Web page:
All that glitters is not gold

  • June 03, 2022
  • Robert G. Kreklewetz and Shahrukh Khowaja

Most tax practitioners would generally agree that tax dispute resolution more often than not comprises of entering into contractual or settlement arrangements with the government. When the government disregards its obligations under such arrangements, taxpayers attempt to hang their hook onto public law (or restitutionary) remedies which are only available in exceptional circumstances. One interesting remedy, first established by the Supreme Court of Canada (“SCC”) in Kingstreet Investments Ltd. v. New Brunswick (Finance)1  – now called the “Kingstreet” remedy – provides a restitutionary cause of action to recover taxes levied under an unconstitutional legislation, which before Kingstreet was doomed to fail under a claim for unjust enrichment against the Crown.

Recently, the Federal Court in Canadian Pacific Railway Company v. Canada2 (“CPRC”) had the opportunity to weigh in the value of this “gold” by considering the scope of its application. Turns out that Kingstreet remedy is a restrictive recourse. The Court in CPRC affirmed that it is only triggered when a tax charged by a government is constitutionally ultra vires (i.e., by virtue of unlawful legislation), and not triggered as a result of other unlawful administrative actions.

Constitutional and government actions

The administrative arm of government must act within the parameters of the authority vested in Parliament and the legislatures by the Constitution, and exercise only such powers as essentially delegated by a statute. As a result, taxes levied in absence of a legislative authority to grant the powers exercised by the administrative actor (constitutionally ultra vires), or by the administrative body in absence of such powers granted by the legislature (administratively ultra vires), are considered unlawfully levied and should be returned to the taxpayer.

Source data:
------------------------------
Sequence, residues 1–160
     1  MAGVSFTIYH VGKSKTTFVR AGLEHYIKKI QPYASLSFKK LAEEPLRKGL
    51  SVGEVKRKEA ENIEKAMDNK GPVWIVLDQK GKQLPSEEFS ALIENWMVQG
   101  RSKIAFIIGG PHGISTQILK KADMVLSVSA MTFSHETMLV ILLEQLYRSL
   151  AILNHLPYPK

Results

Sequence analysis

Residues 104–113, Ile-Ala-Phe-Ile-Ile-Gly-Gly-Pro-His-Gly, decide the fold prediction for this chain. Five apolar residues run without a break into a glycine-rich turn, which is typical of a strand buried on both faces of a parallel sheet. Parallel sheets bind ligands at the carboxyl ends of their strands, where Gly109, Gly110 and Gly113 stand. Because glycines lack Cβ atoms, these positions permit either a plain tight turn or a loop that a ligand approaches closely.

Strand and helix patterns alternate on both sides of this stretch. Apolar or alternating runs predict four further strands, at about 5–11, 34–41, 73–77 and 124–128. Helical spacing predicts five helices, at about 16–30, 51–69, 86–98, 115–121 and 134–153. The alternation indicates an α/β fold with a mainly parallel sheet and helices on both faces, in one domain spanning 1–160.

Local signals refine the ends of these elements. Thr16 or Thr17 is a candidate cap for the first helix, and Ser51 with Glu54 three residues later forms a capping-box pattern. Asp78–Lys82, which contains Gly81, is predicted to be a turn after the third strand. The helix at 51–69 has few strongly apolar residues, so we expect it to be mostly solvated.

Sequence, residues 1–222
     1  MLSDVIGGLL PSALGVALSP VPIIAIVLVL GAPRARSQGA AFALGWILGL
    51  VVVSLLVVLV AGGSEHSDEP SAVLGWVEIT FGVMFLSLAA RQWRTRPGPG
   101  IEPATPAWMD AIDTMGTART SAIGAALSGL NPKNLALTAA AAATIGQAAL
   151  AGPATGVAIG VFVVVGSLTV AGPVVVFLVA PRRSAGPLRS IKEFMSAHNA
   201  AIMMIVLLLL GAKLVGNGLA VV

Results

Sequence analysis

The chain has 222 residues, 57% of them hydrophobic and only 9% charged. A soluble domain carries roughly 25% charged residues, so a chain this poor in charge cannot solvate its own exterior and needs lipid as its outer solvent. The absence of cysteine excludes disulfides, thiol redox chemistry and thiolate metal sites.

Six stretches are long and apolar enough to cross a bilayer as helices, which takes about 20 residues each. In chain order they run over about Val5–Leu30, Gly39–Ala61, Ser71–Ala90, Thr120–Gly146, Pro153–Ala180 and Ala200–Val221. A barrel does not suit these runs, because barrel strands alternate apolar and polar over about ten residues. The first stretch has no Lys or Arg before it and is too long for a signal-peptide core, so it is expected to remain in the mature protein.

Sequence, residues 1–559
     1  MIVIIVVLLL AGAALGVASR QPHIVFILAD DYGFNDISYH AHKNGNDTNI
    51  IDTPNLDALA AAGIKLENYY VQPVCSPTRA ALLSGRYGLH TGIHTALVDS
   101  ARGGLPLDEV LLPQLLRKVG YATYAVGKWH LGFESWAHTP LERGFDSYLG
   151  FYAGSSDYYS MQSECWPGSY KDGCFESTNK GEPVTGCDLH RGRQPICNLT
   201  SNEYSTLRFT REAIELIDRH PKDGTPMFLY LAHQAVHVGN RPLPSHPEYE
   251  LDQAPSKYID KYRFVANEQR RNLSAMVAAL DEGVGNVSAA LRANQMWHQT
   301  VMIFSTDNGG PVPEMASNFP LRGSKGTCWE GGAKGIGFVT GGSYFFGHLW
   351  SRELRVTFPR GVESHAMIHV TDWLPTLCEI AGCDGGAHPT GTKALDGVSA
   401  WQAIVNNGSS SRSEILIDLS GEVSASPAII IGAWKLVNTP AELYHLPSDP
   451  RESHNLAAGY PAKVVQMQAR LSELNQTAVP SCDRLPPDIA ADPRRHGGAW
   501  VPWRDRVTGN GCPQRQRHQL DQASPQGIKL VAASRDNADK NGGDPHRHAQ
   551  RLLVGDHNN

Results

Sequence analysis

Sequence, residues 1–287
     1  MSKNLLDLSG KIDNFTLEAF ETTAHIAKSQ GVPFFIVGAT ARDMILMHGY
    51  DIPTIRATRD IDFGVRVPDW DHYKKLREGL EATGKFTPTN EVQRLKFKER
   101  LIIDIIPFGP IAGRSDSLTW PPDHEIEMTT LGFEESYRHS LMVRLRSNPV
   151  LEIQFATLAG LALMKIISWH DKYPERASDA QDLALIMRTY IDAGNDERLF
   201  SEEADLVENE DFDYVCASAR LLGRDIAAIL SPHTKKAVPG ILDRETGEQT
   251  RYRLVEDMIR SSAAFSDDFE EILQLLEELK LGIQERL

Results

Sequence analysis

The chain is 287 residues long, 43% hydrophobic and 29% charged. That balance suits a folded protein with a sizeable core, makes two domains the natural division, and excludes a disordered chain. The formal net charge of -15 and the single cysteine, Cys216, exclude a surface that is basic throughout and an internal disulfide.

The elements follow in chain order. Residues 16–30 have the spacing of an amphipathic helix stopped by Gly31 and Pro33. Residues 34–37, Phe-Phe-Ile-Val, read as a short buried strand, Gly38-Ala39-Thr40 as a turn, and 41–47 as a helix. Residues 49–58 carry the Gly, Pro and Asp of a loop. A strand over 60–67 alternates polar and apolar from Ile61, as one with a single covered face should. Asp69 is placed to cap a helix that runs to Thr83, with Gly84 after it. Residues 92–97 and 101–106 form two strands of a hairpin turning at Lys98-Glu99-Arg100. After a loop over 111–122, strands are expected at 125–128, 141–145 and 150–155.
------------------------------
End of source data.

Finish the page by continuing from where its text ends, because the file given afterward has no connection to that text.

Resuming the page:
In the instance of constitutionally ultra vires taxes, the Kingstreet remedy could be available. For example, in Kingstreet, a “user charge” levied by the province of New Brunswick under provincial legislation was found to be an “indirect tax” on the purchase of liquor and was deemed unconstitutional because provincial authorities are only permitted to levy direct taxes (under section 92 of the Constitution Act, 1867).3 Thus, the taxpayer was entitled to recover the amounts paid (under protest) on account of an unconstitutional tax.

Conversely, the Kingstreet remedy may not be available where an administrative action is ultra vires of an otherwise valid statute or regulation. This situation arose in CPRC, where a procedural fairness issue emanated in respect of a contract between the Canada Pacific Railway Company (the “Company”) and the Canadian government (the ”1880 Contract”), which exempted the Company from paying certain taxes. The Company relied on this 1880 Contract to oppose the imposition of Large Corporations Tax (“LCT”) under the Income Tax Act.

The Company applied to the Federal Court to seek recovery of the LCT amount paid over the duration of the 1880 Contract based on the Kingstreet remedy but was denied this recourse. The Federal Court differentiated between the two types of unlawful taxes and emphasized the limited application of the Kingstreet remedy, that it only applies in instances where the underlying laws and/or regulations are unconstitutional and does not assist when tax authorities take administratively ultra vires actions.